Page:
This odd pairing of genres sounds like a bad joke, but actually works surprisingly well.
To many, Jane Austen’s beloved classic “Pride and Prejudice” is one of those literary works that must never be tampered with. A revered masterpiece should only be treated with the utmost respect; a bad remake akin to painting the Mona Lisa with watercolors. But… every so often, an off the wall idea can transcend its own ridiculous concept, and work delightfully well. Nearly 200 years after Austen’s original, Seth Grahame-Smith released his version which exchanged the historical backdrop of the French Revolutionary War and Black Plague with a zombie pandemic.
Writer & Director Burr Steers has adapted this undead mashup for the screen, which for the most part, works beautifully. Austen’s overall story arch is still in place. Mr. Bennet’s (Charles Dance) five daughters are reaching marital age. The family is poor and his debts are all that he can leave to them. Property could only be passed onto a male heir, so if none of the daughters were married, at Mr. Bennet’s passing their home would belong to Parson Collins (Matt Smith), their annoyingly feminine first cousin. Mrs. Bennet (Sally Phillips) is almost delirious with the prospect of fixing her daughters up with the most eligible bachelors. “Eligible” meaning the richest. But the Bennet girls are not easily charmed. Prideful, well learned, and outspoken, they are intimidating to most men.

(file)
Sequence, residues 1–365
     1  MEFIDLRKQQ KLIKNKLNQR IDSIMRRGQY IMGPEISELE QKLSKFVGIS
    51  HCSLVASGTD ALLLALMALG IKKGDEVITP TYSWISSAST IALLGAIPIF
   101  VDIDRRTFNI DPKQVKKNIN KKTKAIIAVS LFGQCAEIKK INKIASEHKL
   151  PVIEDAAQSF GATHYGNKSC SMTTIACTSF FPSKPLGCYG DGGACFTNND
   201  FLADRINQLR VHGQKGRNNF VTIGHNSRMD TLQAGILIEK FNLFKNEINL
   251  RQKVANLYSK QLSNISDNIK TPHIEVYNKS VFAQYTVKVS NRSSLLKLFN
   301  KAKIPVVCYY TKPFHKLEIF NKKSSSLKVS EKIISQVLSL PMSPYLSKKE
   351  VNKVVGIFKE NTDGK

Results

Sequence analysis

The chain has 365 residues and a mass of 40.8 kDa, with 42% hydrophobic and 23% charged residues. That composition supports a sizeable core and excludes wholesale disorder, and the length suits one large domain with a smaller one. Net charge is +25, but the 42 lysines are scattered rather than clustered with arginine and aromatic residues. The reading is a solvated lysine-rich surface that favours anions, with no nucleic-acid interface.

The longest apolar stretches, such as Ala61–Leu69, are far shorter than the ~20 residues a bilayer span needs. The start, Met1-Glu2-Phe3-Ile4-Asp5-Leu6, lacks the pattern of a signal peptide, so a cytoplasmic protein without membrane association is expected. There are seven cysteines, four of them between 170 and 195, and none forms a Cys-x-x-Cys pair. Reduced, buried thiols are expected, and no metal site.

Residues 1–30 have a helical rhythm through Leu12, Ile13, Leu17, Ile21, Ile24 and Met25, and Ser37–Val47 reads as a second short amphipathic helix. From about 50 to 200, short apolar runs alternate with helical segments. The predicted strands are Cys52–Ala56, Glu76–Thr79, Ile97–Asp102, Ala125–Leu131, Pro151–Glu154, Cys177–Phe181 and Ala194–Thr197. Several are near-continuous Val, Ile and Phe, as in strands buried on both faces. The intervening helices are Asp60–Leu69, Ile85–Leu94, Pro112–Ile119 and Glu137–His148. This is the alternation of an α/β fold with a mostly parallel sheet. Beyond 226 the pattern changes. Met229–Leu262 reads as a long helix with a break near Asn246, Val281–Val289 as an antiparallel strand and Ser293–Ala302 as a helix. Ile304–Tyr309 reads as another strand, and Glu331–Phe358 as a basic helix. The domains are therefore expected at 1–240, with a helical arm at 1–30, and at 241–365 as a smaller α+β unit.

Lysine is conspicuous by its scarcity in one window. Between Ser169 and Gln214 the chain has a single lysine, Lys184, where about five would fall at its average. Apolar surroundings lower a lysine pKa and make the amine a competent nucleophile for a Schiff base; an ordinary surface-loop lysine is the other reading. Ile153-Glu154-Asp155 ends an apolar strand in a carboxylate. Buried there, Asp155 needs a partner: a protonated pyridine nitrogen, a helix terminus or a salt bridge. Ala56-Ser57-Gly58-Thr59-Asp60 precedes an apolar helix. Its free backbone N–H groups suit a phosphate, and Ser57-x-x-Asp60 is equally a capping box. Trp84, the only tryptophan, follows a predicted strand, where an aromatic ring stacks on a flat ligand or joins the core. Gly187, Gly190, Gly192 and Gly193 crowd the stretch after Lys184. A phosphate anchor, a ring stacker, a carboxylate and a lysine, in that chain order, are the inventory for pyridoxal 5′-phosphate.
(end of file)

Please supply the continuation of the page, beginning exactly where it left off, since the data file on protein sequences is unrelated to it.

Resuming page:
When the undead scourge infested Europe it became fashionable to train in the Asian Deadly Arts. The type of training you received was split down social lines. The rich favored the Japanese, while the wise trained in Chinese Shaolin styles. Being of the wiser demographic (and not-rich), the Bennet sisters were exceptionally trained, employing their “Bennet Pentagram of Death” formation whenever ghouls needed to be dispatched.
The biggest question surrounding this film is the tone it takes. Is it a spoof or comedy? While very humorous throughout, the subject matter for the most part is played seriously (but with a wink!) Laughs come from Elizabeth’s(Lily James) sharp retorts and stubbornness, or from how efficient and brutally her sister Jane (Bella Heathcote) dispatches of the carnivorous corpses. The Victorian Walkers are an interesting reinterpretation of classic zombies. After being bitten and passing away, not all of the freshly turned immediately kill others. Some, through sheer determination maintain their human personalities. But once they partake of human brains, the transformation accelerates rendering them ravenish monsters. This dynamic creates some interesting scenarios, but also plays a part in the low point in the film.
Steers wisely condenses much of the book, but in an effort to create a greater conflict and a clearly defined villain, ads a major subplot that feels out of place. On paper it sounds like an interesting concept: A group of zombies who turn to religion and other means to suppress their immoral desires. Unfortunately, the dialog is so obviously non-Austen that it’s uncomfortably out of place.